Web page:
GENE BRODIE, our education correspondent, has ordered a local MP to write 100 lines: “I must not deceive by using partial statistics on Croydon’s schools’ performance”
Gary Barlow, as the MP is known to his constituents in Croydon Central, from where he moonlights as the self-proclaimed bag-carrier to Education Secretary Michael Gove, really ought to know better.
But in his latest “Croydon News” missive, his party political e-newsletter compiled at great public expense, Gavin Barwell tries to fob-off those on his circulation list with a number of misleading half-truths about schools in Croydon.
“GCSE results a tribute to hard work of pupils and teachers – and the policies of our Conservative Council,” Barwell boasts boldly.
But caveat emptor applies here: Barwell, the man who does not know the price of a loaf of bread (and probably wouldn’t know how to turn on a bread-maker), has shown in the past how he clearly struggles with numbers, even small ones.
“The Council has given me a school-by-school analysis of this year’s GCSE results and the great news is that Croydon’s schools are now better than the national average and improving faster,” Barwell says.
Now, we all know that there is a school places crisis across London. In Croydon, that crisis has been aggravated by the “loss” of an entire school. Nearly two months after the borough’s 16-year-olds were given their individual GCSE results, Croydon Council has yet to publish complete figures for the borough’s schools’ results.
Indeed, there’s one school, Al-Khair, that is missing from the figures entirely.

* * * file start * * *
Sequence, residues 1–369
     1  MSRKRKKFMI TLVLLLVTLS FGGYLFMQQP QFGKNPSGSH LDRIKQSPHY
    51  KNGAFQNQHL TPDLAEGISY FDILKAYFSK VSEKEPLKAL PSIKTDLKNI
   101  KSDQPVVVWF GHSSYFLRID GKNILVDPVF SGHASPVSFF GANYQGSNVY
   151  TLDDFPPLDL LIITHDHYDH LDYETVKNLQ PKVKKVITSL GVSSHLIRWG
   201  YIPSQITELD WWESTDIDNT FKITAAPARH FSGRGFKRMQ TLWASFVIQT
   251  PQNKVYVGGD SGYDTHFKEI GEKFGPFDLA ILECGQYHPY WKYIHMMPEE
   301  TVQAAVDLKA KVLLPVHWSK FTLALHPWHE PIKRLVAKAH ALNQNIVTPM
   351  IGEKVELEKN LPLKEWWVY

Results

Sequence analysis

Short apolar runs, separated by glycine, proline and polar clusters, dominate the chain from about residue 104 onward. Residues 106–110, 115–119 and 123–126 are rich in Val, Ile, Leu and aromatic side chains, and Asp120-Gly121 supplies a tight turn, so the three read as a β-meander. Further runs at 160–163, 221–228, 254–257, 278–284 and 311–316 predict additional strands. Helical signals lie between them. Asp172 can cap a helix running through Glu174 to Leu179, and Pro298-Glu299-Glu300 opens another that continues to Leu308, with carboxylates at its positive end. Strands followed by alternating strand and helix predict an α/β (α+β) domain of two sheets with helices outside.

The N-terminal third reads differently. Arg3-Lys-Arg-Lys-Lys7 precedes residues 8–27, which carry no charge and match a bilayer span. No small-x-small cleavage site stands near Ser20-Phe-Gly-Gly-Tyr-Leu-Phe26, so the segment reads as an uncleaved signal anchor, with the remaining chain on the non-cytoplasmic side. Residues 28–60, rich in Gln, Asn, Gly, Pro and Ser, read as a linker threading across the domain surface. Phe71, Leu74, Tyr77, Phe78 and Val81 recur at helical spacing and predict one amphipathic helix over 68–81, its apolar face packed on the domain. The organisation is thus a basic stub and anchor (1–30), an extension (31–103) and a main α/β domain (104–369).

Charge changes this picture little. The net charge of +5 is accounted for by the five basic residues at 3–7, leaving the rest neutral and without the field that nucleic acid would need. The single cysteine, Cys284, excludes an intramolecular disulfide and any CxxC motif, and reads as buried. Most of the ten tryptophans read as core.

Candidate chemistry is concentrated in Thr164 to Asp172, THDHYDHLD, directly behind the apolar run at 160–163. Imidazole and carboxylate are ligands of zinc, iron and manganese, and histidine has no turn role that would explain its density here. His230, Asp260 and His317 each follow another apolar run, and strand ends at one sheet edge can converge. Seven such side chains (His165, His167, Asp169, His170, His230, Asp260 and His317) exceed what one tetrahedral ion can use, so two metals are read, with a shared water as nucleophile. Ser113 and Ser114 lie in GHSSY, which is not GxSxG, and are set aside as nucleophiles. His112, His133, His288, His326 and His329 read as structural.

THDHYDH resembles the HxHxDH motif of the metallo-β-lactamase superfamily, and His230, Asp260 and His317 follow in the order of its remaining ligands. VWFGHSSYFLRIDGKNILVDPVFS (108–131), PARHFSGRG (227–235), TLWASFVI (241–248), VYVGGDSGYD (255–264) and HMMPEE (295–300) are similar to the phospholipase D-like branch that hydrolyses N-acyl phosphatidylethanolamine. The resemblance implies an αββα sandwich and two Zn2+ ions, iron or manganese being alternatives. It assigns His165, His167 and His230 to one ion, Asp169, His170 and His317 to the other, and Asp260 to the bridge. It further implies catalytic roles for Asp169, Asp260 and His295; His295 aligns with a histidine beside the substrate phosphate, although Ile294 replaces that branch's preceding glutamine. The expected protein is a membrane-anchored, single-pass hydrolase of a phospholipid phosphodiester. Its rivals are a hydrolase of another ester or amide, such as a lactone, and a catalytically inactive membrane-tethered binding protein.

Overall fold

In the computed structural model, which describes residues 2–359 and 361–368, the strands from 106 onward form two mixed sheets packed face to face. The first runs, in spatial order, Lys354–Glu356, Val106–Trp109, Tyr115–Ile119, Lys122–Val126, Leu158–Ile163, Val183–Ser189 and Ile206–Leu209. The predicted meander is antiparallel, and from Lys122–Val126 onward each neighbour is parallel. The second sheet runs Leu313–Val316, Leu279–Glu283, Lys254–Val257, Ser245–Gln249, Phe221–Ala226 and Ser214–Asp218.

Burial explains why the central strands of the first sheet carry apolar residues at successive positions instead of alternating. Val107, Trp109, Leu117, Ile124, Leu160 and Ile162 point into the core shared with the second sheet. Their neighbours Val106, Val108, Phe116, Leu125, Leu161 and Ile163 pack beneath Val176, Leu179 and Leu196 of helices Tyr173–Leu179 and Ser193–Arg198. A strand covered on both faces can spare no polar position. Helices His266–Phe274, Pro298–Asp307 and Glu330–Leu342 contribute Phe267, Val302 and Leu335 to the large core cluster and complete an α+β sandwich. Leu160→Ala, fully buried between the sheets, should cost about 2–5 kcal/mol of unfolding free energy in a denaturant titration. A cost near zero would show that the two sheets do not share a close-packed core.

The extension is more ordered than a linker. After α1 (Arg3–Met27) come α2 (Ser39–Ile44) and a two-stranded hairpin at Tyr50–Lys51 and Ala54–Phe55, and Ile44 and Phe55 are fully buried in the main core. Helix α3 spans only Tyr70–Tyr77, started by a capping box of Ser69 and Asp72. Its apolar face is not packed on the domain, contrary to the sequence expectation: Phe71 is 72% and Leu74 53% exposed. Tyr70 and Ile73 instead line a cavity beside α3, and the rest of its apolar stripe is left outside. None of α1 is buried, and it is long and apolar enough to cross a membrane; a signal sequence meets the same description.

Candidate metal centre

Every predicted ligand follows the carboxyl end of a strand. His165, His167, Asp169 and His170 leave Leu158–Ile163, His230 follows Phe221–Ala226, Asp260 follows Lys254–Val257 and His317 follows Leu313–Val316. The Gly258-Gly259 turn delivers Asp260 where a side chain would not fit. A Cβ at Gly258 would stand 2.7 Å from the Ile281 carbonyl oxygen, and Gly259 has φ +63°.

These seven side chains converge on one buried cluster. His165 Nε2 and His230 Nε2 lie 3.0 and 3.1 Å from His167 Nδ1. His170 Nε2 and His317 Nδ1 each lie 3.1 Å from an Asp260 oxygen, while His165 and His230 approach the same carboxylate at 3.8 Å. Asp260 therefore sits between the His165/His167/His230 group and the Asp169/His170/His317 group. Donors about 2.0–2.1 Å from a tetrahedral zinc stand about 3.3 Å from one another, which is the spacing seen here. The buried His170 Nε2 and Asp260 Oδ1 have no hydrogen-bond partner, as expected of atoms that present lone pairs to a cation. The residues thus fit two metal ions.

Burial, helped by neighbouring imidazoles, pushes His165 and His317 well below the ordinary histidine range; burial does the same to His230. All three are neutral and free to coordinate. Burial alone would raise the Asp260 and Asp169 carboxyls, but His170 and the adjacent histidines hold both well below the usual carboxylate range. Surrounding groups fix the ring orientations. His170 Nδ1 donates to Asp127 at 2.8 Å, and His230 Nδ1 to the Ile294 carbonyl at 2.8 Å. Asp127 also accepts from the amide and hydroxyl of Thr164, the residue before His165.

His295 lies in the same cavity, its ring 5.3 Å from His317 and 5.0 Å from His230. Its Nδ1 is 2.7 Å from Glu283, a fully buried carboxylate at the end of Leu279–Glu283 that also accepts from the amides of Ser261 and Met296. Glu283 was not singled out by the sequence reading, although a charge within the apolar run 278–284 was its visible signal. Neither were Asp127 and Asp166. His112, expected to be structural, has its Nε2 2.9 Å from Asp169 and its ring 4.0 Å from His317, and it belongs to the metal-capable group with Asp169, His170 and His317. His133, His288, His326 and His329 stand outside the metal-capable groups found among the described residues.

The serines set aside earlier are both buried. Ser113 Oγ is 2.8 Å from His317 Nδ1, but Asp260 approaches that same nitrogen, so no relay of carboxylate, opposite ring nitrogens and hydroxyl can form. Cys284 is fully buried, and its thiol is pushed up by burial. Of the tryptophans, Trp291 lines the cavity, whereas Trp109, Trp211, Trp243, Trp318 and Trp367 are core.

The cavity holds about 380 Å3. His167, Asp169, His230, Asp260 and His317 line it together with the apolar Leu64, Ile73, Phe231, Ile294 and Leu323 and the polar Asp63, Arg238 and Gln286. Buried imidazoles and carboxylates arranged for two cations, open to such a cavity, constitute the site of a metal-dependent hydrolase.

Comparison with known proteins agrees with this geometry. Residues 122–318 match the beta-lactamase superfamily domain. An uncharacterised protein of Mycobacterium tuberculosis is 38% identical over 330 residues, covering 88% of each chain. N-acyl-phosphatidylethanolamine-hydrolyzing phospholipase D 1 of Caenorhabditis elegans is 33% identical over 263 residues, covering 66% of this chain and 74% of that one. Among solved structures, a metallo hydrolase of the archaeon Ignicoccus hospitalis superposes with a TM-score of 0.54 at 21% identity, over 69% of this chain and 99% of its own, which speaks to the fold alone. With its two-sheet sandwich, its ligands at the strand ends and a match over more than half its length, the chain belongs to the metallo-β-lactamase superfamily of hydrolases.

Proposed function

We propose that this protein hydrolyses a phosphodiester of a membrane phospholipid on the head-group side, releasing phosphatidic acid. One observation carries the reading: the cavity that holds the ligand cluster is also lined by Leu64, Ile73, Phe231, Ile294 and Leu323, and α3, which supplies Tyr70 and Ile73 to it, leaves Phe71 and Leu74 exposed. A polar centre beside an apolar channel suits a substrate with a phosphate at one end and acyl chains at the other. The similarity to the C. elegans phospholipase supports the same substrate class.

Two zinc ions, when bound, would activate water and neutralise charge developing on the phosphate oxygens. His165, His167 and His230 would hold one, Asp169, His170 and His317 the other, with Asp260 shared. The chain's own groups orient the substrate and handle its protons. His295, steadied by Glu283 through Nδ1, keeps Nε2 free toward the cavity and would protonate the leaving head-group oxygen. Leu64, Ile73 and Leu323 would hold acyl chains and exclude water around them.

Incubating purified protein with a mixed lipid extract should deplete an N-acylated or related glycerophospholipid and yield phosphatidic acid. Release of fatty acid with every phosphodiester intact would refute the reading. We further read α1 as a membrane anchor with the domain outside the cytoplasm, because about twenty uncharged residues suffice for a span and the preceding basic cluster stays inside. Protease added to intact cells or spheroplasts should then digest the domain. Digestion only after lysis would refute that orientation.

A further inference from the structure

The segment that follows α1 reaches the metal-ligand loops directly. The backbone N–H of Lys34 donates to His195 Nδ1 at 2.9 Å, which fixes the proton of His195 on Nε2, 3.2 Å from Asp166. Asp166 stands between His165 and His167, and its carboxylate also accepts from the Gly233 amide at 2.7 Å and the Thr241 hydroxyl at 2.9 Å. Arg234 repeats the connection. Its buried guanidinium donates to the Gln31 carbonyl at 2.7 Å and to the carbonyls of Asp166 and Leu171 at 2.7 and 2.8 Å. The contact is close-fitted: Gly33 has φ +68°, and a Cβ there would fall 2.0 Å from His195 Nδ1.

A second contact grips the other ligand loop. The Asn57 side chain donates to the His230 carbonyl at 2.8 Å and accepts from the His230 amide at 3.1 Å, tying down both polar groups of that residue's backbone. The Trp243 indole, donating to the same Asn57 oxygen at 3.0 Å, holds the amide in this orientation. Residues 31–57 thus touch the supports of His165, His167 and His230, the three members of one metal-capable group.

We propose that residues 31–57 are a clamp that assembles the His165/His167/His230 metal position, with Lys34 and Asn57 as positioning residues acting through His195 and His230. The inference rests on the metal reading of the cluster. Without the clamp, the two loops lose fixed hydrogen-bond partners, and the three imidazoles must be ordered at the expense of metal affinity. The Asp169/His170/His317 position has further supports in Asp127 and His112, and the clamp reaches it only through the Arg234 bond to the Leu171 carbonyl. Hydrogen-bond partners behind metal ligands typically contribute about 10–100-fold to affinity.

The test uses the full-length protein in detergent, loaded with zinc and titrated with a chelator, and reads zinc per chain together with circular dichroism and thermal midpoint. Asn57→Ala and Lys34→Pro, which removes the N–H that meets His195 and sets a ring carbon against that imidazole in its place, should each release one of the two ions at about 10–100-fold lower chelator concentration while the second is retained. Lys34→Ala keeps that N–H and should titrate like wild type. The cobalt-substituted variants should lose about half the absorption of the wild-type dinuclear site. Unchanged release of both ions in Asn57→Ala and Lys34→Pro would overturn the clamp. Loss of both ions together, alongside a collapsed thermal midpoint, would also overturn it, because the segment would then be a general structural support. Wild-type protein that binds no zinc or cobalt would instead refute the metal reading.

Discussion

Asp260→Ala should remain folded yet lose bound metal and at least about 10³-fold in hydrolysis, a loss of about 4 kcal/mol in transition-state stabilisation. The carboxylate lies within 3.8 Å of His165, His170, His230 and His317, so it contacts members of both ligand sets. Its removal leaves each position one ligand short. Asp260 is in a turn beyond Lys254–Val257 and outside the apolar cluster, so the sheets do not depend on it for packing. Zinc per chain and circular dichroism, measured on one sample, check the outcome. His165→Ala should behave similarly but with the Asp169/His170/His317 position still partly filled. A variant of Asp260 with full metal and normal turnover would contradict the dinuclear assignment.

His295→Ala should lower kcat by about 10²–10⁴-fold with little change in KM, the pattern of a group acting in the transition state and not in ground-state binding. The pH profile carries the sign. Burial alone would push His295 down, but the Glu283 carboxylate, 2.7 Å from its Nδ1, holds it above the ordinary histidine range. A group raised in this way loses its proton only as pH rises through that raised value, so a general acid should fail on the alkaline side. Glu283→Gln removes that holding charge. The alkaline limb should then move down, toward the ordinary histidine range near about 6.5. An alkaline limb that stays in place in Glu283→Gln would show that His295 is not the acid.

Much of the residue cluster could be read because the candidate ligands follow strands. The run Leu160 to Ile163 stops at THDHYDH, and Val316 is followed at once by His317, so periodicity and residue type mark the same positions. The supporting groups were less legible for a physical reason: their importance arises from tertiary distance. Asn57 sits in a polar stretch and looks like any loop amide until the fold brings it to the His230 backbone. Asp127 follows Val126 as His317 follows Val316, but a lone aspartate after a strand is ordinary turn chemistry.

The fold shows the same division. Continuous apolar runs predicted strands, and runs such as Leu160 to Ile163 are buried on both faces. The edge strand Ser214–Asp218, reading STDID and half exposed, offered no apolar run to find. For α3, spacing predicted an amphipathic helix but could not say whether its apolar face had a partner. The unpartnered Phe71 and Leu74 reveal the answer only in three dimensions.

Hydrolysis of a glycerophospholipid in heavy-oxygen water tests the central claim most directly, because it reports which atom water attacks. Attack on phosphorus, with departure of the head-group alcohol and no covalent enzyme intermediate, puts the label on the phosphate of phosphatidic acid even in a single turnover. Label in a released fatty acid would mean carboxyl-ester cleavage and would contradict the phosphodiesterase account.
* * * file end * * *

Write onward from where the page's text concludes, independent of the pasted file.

So it is interesting to note that MP Barwell claims to have been given privileged access, apparently for party political purposes, to what ought to be public information, statistics denied to the Council Tax-payers of Croydon, many of them parents deciding to which schools to apply for their 10- and 11-year-olds for next September.
Barwell, Gove’s Parliamentary Private Secretary, fails to mention in his newsletter that he also holds an influential position on the governing board of the Whitgift Foundation which runs a clutch of the borough’s private schools, including his own alma mater, the £12,000-a-year fee-paying Trinity, where he is also on the board of governors. One of the features of education provision in this part of south London is the high number of children whose parents opt to use the private schools in Croydon, which Barwell supports so enthusiastically, or the selective schools in neighbouring boroughs.
Barwell’s newsletter continues, “Across the borough as a whole, 68 per cent of pupils achieved 5 A*-C passes including English and maths. That’s up four percentage points in a year at a time when nationally results fell.”
Averages and percentages are tricky things, and easily manipulated. For instance, Barwell omits to mention that Croydon’s 68 per cent “achievement” is still well down on the 84 per cent figure achieved by schools in next door borough Sutton.
So let’s stick to the hard numbers.
Parents need more information to make sense of why Sutton’s results are so much better, why Sutton’s results in the English Baccalaureate (the measure of how many pupils secure a C grade or better across a core of academic subjects – English, mathematics, history or geography, the sciences and a foreign language) were more than twice as good as Croydon’s in 2012, and what the E-Bacc figures look like for 2013.
Education minister Elizabeth Truss has said, “The E-Bacc is the platform for young people to go on to A levels and high-quality vocational study. It will help them compete with their peers in the world’s best education jurisdictions, where they are expected to study a rigorous academic core.”
Parents and employers, and maybe even Gavin Barwell, understand that.
So why have Croydon’s 2013 E-Bacc results not been made more available, more quickly. Except, apparently, for the local Tory MP?